Veronica, by Mary Gaitskill (Pantheon)
    Never Let Me Go, by Kazuo Ishiguro (Knopf)
    You May Have Missed:
    Magic for Beginners, by Kelly Link (Small Beer Press) Last Night, by James Salter (Knopf)
    The Inheritance of Loss, by Kiran Desai (Atlantic Monthly Press)

  7. 2006:
    Special Topics in Calamity Physics, by Marisha Pessl (Viking)
    Absurdistan, by Gary Shteyngart (Random House)
    Against the Day, by Thomas Pynchon (Penguin)
    Apex Hides the Hurt, by Colson Whitehead (Doubleday)
    The Dead Fish Museum, by Charles D'Ambrosio (Knopf)
    The Keep, by Jennifer Egan (Knopf)
    The Emperor's Children, by Claire Messud (Knopf)
    Half of a Yellow Sun, by Chimamanda Ngozi Adichie (Knopf)
    Trouble, by Patrick Somerville (Vintage)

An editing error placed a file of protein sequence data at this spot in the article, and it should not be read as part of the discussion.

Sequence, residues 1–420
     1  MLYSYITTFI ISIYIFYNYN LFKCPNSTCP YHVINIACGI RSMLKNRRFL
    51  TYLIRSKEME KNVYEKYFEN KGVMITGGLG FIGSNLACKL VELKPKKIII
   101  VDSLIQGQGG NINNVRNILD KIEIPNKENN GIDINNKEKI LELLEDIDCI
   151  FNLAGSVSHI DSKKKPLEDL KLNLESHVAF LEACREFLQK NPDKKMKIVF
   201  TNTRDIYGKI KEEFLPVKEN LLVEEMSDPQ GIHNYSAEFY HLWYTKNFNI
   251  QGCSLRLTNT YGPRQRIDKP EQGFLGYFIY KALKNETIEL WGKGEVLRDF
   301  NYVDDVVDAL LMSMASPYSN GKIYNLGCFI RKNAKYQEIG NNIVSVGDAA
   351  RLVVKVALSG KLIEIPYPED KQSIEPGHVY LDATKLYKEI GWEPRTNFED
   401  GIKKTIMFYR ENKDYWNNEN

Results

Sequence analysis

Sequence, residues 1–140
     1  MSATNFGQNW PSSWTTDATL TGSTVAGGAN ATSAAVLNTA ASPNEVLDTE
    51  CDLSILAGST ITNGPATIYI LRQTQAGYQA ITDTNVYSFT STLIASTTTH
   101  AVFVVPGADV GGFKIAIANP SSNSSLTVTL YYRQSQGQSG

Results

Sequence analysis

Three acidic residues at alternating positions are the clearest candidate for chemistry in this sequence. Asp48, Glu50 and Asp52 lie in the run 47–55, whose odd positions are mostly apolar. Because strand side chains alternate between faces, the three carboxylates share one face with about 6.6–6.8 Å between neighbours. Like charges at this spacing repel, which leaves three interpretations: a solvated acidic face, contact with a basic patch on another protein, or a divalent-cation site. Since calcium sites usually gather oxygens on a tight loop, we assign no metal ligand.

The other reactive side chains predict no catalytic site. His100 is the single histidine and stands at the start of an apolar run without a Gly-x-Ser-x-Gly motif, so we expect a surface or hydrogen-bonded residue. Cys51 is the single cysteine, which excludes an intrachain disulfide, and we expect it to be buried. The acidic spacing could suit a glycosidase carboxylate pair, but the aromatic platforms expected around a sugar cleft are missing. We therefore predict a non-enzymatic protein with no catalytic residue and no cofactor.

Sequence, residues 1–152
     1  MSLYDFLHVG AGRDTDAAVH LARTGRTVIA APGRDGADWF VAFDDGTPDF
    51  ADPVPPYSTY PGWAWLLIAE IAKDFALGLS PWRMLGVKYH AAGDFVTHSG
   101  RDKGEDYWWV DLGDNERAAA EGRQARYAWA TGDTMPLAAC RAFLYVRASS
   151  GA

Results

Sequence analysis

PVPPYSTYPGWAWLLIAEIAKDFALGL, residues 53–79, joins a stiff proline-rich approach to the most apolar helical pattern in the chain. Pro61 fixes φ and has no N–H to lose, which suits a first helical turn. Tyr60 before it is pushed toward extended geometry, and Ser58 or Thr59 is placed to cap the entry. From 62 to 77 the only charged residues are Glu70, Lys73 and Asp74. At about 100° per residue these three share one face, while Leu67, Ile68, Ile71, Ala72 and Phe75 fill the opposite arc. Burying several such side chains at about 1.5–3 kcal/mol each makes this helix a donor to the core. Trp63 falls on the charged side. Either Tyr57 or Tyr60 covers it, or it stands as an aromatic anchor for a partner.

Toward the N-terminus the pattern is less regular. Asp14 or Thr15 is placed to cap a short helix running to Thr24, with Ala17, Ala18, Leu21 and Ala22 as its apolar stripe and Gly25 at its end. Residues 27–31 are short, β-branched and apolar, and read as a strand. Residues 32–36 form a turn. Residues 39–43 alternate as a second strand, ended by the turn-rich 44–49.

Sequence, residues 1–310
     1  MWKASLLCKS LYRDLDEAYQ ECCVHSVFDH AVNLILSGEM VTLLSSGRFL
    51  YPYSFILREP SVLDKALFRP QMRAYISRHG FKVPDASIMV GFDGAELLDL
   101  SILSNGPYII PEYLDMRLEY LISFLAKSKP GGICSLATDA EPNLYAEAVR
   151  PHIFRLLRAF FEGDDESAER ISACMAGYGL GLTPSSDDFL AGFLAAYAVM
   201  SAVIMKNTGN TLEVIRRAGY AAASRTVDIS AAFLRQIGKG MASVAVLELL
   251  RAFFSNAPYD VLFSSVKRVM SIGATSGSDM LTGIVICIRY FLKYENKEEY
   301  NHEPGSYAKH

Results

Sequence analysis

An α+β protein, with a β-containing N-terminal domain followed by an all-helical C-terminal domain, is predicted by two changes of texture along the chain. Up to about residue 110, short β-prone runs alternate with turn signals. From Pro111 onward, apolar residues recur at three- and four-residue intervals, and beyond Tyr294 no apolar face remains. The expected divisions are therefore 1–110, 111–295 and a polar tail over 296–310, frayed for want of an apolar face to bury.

The View From the Seventh Layer, by Kevin Brockmeier (Knopf)
    You May Have Missed:
    Nice Big American Baby, by Judy Budnitz (Knopf)
    Twilight of the Superheroes, by Deborah Eisenberg (FSG)

  8. 2007:
    The Brief Wondrous Life of Oscar Wao, by Junot Díaz (Riverhead)
    Cheating at Canasta, by William Trevor (Viking)
    Falling Man, by Don DeLillo (Scribner)
    Like You'd Understand Anyway: Stories, by Jim Shepard (Knopf)
    Out Stealing Horses, by Per Petterson, translated by Anne Born (Graywolf)
    The Savage Detectives, by Roberto Bolaño, translated by Natasha Wimmer (FSG)
    The View from Castle Rock, by Alice Munro (Knopf)
    You May Have Missed:
    Delirium, by Laura Restrepo, translated by Natasha Wimmer (Nan A. Talese)
    African Psycho, by Alain Mabanckou, translated by Christine Schwartz Hartley (Soft Skull)